The structural shell is by Steelrite Structural Simplicity, which is a lightgauge steel construction system. Steelrite’s structural shell includes all exterior walls, bearing and non-bearing, and all interior-bearing walls. The Steelrite package also includes the roof and Hambro floor system with concrete. Steelrite uses galvanized cold-formed steel in its panelized wall system, which provides significant LEED points by using recycled steel and is itself recyclable when the building life cycle is complete. Construction is expected to be complete in the fall. This project will be built in a record 21 months—from the first day of construction to the official opening of the residence. Total cost of the project is estimated at $30 million. Manshield Construction builds retirement residences in Manitoba, Saskatchewan and Alberta and plans on expanding into British Columbia in the near future.

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aca report

Outlining priorities for the year

ACA Form B 2013 is now available The Alberta Construction Association

By Ken Gibson

has worked with industry and legal

ACA Executive Director

experts for over five decades to provide standardized legal documents for

The Alberta Construction Association (ACA) is working on a number of files on behalf of industry. Priorities in 2013 include:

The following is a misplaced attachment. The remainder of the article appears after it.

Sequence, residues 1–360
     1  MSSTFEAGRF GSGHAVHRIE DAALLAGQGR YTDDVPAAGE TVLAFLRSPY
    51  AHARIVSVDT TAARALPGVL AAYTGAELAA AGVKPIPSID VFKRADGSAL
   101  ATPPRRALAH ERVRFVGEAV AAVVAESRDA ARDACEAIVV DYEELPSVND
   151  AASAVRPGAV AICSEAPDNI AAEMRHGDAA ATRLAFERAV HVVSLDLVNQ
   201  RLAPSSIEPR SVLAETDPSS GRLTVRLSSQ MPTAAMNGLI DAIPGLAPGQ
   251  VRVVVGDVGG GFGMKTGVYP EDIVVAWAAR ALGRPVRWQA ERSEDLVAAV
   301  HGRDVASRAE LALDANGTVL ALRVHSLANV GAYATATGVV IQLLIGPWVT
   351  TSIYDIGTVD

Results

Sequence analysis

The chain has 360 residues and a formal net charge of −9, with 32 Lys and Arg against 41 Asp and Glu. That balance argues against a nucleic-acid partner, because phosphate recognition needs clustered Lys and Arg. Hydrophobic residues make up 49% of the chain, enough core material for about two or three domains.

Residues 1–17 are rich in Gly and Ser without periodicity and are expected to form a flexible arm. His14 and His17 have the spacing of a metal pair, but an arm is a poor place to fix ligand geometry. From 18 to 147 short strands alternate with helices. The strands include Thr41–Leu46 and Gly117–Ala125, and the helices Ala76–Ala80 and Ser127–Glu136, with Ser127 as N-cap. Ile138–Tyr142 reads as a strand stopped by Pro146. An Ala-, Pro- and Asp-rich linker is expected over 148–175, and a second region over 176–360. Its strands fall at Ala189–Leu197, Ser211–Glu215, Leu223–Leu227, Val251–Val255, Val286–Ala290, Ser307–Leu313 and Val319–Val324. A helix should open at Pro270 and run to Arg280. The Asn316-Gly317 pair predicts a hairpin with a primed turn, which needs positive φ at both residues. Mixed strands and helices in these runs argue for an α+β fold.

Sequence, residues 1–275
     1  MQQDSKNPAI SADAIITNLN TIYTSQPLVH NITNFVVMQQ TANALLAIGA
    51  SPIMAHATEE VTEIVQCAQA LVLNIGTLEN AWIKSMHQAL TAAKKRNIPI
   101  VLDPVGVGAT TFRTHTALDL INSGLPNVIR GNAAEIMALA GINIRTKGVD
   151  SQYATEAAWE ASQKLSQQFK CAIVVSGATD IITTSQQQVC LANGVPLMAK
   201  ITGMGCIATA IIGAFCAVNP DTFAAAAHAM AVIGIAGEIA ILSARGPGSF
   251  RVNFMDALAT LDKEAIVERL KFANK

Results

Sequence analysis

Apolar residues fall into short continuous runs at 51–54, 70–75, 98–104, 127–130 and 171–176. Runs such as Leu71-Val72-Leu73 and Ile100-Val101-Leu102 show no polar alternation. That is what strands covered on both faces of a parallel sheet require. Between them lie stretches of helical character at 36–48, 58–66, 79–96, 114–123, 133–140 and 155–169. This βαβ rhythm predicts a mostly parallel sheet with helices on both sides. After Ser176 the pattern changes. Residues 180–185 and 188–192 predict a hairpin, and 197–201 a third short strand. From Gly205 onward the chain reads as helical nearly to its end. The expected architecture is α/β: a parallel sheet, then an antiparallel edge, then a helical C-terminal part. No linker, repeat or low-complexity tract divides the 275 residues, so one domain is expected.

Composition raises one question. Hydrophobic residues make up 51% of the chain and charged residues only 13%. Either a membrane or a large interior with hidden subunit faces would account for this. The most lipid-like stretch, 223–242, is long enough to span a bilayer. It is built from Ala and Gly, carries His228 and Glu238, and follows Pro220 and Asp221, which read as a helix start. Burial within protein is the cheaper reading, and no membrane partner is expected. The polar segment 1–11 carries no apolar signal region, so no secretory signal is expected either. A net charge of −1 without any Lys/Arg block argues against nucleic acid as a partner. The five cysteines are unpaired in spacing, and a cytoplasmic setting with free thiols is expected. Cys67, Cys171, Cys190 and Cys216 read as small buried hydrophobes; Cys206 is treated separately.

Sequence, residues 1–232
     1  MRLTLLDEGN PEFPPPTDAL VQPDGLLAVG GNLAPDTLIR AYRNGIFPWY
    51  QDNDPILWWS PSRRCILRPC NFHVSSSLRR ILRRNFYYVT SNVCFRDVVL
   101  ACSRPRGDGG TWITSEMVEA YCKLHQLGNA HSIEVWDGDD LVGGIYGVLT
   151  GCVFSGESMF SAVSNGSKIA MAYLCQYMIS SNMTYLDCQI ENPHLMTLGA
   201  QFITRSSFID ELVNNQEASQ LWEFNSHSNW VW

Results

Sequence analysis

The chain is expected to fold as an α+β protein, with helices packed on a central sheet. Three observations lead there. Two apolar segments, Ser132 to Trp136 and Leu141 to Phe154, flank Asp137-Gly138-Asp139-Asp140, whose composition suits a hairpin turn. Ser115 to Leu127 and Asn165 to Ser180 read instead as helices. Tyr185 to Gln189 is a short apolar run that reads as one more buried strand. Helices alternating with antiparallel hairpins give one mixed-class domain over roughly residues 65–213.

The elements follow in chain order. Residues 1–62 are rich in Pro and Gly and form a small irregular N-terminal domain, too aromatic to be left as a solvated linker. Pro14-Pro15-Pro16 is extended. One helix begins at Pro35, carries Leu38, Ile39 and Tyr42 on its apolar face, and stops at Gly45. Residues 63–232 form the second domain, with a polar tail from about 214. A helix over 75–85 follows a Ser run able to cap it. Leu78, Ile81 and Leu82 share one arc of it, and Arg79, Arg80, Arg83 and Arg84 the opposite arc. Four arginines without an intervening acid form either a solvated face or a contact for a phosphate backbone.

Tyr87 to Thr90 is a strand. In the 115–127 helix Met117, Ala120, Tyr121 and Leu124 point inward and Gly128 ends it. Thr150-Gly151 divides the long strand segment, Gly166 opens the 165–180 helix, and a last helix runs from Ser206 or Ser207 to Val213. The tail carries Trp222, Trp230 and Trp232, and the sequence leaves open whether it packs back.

GOVERNMENT ADVOCACY • Maintaining predictable, consistent, and adequate provincial and municipal investment in infrastructure. • Keeping training clear of labour relations issues. ACA is opposed to public funding of apprenticeship training by third parties. • Providing input for consideration by the Alberta government should it require contractors to utilize apprentices in order to bid government work. • Continuing advocacy for sensible immigration programs. • Strengthened partnerships with school boards, post-secondary institutions and other construction associations for policies and programs to support the development of a skilled domestic construction workforce. • Providing educational best-practice seminars for public procurers of design and construction services. • Collaborating to provide industry advice to the Alberta Ministry of Infrastructure.

SAFETY/WCB • Input to Occupational Health and Safety’s Work Safe Alberta strategy. • Continued input on implementation of

occupational health and safety administrative penalties and worksite tickets. • Dialogue with the Workers’ Compensation Board—Alberta concerning interpretation of refusal of modified duties policy.